Pitt receiver Street is healthy, ready to play
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Pitt wide receiver Devin Street plans to play Saturday in the season opener against Buffalo after he sustained a concussion from head shots in consecutive practices more than two weeks ago.
"I am ready to go 100 percent," he said.
Pitt trainers held Street out of eight practices when symptoms — headaches and nausea —didn't completely disappear, he said.
"I had been itching (to practice)," Street said. "but they had my best interests. I trust the trainers. The trainers know what they are doing.
"You know, if you come back too early, the bruise doesn't heal in your brain, so it would have kept me out longer if I took a hit."
Street, a redshirt sophomore from Bethlehem Liberty High School, said he absorbed "a big hit coming across the middle" in Pitt's first scrimmage Aug. 14.
He said he had a "little bit of a headache," but didn't mention it to trainers.
"I didn't think it was anything," he said. "I get headaches all the time."
Street practiced the next day, but when he received another hit in the head during a drill with defensive backs, he started to feel woozy. Trainers immediately removed him.
For the next few days, he wasn't permitted to watch or stand in the sun.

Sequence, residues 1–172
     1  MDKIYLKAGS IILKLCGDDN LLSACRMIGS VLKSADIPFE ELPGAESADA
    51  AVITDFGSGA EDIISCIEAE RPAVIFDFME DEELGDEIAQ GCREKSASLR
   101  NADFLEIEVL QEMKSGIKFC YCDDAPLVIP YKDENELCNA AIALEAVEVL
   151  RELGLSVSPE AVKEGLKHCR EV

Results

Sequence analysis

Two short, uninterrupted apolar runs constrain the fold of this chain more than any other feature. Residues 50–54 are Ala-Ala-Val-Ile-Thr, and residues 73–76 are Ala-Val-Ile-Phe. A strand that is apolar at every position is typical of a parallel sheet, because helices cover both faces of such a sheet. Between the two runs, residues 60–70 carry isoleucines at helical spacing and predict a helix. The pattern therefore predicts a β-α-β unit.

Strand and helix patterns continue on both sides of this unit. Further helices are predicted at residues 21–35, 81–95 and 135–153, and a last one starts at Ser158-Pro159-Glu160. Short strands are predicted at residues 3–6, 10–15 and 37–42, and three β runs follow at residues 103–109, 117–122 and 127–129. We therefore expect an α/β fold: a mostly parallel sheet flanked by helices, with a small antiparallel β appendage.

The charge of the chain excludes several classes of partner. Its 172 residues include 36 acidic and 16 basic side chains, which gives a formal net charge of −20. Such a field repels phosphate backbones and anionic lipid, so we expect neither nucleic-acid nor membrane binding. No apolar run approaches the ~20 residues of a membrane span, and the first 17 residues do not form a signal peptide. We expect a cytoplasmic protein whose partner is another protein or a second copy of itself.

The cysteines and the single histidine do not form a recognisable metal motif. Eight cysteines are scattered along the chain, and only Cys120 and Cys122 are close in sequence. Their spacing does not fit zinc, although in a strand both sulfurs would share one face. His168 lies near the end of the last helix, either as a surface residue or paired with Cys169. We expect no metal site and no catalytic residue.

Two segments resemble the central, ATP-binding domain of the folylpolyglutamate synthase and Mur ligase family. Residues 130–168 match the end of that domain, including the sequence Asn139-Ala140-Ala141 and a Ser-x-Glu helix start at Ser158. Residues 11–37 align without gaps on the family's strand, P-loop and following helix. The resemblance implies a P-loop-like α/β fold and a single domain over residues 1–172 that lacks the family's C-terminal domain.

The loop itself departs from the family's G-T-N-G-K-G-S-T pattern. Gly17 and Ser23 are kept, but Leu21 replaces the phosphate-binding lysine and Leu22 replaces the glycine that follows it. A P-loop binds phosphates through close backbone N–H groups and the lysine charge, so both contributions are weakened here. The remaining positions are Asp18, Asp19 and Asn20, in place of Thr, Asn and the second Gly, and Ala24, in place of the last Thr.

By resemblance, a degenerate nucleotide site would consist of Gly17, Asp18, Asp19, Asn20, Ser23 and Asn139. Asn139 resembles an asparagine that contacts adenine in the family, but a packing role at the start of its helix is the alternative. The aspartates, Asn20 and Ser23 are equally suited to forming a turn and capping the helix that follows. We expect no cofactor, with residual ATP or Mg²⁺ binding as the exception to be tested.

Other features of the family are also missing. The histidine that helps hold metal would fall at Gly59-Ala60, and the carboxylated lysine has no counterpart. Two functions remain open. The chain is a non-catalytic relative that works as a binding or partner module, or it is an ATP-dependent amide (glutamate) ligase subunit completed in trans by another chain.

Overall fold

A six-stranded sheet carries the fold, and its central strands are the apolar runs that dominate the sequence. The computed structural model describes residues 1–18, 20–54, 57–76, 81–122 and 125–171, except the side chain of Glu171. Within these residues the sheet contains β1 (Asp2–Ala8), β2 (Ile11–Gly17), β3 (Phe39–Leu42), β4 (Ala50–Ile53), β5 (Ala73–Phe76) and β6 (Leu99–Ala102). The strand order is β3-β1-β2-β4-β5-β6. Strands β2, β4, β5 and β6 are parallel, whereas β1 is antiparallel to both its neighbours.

"The next day (after the second hit), I was sick, a little nausea, had a headache, but after that I was pretty good two days later," he said.
Street said "little symptoms" re-occurred during personal workouts, but now they have completely disappeared.
"If I was sitting, relaxing, I would be fine, but once I started to do activities, symptoms came back," he said.
Street said he passed all medical tests and has been symptom-free since Aug. 25, the day he returned to practice.
Street, who said he ran a 4.41-second 40 last year, is an important part of coach Todd Graham's speed-based offense and a player with the skills to stretch a defense.
Last season as a redshirt freshman, Street had a 79-yard touchdown catch against Syracuse — Pitt's longest of the season — and finished fourth on the team with 25 receptions.
Soon after Graham was hired in January, Street watched video of Tulsa's 62-35 victory over Hawaii in the Sheraton Hawaii Bowl. Street was immediately captivated by the no-huddle, hurry-up offense Graham was importing from Tulsa.
"I said, 'This is a blessing,' " Street recalled.
Totally healed, Street is expected to replace the speed element Pitt lost when Jon Baldwin, a first-round draft choice of the Kansas City Chiefs, left early for the NFL.
Injuries to veteran wide receivers, including a head shot suffered by redshirt junior wide receiver Cam Saddler early in camp, allowed freshman Ronald Jones and junior college transfer Josh Brinson to gain important practice time. But Saddler and Mike Shanahan will start Saturday, along with Street, who doesn't appear ready to relinquish playing time.
During a recent drill, Street said he collided with scout team defensive back Phil Peckich.
"And it was totally fine," he said. "We went head-to-head pretty hard, and it wasn't that bad at all."
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